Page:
When the COVID-19 pandemic hit early last year, the attention of senior living operators immediately shifted. Resources that once were focused on planning events and outings were redirected to keep residents safe and healthy — and rightfully so.
For many communities, this shift meant that programming was put on hold indefinitely. And although residents were kept physically safe, their emotional wellbeing suffered. Yet, wellness is about much more than physical health. It is about staying connected to the people and things that you love and finding new ways to interact with the world around you — even in a pandemic.
At Watermark Retirement Communities, our focus had been on helping our residents thrive. For The Fountains at Boca Ciega Bay, this focus meant that wellness programming and active culture did not shut down with the national call for quarantine measures. It was merely approached as a detour that our associates navigated with enthusiasm and decisiveness.
Our response to the pandemic is just one reason The Fountains at Boca Ciega Bay was awarded the 2020 “Best in Wellness” ICAA NuStep Beacon Award. Looking back on our response to the early days of the COVID-19 pandemic, there are three ways our associates were able to maintain a culture of whole-person wellness. My hope is that this information will be helpful to you.
Connection remained a top priority
Uncertain times often are overcome through strong community ties. Although state measures required residents to stay in their rooms or remain physically distanced, our associates stepped up every aspect of personal connection to combat the growing feeling of isolation.
Our small but tight-knit staff members visited each of our residents two to three times a week in addition to making daily compassionate care calls and providing individualized services. They also made sure each resident knew how to video call with their loved ones and assisted as needed for daily or weekly calls.
Programs were tailored to meet state guidelines
While in-person events were temporarily put on hold, our staff found new ways to host our most popular programs. Our team immediately made agreements with vendors to stay on as virtual team members and deliver a wide range of group fitness classes to our residents virtually.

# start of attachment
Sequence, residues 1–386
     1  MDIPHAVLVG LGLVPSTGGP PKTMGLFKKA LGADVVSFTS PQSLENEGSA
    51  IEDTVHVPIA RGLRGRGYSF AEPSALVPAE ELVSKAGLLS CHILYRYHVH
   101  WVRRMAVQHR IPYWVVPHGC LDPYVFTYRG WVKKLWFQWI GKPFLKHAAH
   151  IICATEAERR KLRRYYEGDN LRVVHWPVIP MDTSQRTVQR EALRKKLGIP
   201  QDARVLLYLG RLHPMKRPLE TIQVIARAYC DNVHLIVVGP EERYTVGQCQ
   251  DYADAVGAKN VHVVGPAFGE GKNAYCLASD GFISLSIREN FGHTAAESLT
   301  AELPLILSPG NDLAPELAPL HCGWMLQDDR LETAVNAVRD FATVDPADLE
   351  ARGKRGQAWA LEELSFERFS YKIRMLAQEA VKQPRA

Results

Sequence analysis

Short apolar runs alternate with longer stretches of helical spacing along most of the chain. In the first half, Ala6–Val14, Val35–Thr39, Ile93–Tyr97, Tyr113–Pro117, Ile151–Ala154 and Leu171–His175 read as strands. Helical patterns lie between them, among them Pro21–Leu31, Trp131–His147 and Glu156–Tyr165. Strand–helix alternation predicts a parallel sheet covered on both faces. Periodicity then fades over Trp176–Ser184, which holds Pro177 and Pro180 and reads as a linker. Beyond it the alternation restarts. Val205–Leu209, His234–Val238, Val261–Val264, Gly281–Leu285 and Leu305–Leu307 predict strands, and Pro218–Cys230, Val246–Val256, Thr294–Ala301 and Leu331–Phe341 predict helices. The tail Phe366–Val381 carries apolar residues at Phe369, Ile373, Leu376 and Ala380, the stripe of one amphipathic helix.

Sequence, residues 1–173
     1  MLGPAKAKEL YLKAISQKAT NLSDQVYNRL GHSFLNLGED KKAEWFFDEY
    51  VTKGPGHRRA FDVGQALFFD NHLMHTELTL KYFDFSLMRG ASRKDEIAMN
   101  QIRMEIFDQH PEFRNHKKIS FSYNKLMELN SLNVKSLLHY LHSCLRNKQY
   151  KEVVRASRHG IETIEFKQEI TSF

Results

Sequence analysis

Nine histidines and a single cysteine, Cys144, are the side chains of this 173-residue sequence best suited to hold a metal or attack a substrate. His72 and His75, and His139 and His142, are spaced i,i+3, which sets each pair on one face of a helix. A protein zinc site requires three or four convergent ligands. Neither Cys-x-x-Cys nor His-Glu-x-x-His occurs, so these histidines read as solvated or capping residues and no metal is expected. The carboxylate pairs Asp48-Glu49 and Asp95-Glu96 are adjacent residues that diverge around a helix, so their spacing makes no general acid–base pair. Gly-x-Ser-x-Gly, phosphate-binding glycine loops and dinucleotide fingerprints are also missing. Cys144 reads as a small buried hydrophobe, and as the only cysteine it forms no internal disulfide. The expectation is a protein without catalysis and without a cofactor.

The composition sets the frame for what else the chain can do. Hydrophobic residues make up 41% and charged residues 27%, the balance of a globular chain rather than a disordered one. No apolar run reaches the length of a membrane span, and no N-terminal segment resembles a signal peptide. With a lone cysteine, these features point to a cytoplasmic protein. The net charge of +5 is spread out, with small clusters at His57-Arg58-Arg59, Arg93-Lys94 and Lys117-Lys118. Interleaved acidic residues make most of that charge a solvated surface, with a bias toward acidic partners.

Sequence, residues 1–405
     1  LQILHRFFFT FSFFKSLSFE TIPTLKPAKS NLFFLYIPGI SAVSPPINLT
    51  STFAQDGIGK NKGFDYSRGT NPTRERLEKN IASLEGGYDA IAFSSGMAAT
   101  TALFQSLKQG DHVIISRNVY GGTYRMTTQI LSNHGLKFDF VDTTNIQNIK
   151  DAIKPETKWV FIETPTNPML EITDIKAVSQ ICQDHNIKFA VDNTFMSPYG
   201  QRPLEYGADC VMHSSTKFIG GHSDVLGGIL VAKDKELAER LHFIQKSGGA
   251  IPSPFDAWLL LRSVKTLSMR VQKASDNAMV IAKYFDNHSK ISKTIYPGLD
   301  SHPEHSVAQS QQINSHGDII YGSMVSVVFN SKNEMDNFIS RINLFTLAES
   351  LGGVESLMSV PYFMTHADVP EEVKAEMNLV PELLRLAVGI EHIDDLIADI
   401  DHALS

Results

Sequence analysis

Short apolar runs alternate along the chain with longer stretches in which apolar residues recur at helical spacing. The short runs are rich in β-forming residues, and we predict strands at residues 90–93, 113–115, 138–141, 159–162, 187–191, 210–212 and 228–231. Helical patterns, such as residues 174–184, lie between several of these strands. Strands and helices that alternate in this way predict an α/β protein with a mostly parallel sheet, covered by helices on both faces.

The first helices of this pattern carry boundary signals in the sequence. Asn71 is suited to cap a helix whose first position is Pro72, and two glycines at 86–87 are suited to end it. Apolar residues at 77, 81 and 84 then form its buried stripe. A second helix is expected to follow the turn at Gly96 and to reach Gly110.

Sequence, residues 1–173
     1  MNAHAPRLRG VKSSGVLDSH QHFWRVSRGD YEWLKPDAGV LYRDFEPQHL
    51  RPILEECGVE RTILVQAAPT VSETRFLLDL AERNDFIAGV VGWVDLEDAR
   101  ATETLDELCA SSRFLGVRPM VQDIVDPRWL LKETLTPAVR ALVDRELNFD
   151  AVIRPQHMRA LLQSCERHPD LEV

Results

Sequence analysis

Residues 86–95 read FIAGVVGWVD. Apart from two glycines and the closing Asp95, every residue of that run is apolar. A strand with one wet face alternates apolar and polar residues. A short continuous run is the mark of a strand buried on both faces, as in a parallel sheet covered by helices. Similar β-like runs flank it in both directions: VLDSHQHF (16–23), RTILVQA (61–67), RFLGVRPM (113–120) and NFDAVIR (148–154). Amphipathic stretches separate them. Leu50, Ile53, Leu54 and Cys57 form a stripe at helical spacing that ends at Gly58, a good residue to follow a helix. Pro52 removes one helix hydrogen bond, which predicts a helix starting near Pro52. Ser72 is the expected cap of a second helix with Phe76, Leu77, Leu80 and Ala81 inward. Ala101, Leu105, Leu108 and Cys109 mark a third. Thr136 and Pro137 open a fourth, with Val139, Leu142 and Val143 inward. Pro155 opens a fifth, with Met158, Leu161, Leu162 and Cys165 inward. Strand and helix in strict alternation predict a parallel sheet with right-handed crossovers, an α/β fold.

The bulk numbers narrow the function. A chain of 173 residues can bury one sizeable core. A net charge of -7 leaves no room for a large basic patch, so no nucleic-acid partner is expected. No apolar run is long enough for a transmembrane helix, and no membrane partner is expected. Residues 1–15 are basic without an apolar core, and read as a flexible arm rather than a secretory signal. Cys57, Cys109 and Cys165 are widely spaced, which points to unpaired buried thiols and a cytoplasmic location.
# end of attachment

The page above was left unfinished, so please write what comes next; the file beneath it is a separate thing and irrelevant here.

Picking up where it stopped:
One associate also took it upon herself to host personalized exercise classes for our assisted living residents. Each day, she would visit at least 30 residents and sit in their doorways to deliver a workout that was designed just for them. This personal approach helped keep our residents physically active and engaged with our associates.
Resident engagement was highly encouraged
At The Fountains at Boca Ciega Bay, our associates make a point to get to know our residents on a personal level including their likes, dislikes and hobbies. During the pandemic, this helped us find new ways to get residents engaged in virtual or socially distanced activities.
Associates helped one group of residents come together to sew personal protective equipment at a time when it was in short supply. Our small but mighty group sewed 300 masks and then sold them to raise money for a common cause.
By making these small changes, our associates were able to help residents maintain their mental, physical and social health during the pandemic. Their innovation and adaptability has helped protect residents not just from COVID-19, but from the isolation, stress and atrophy that many seniors have experienced over the past year.
Suzanne Burtzlaff is the executive director of The Fountains at Boca Ciega Bay, an independent living, assisted living and memory care community in St. Petersburg, FL. The community is managed by Watermark Retirement Communities.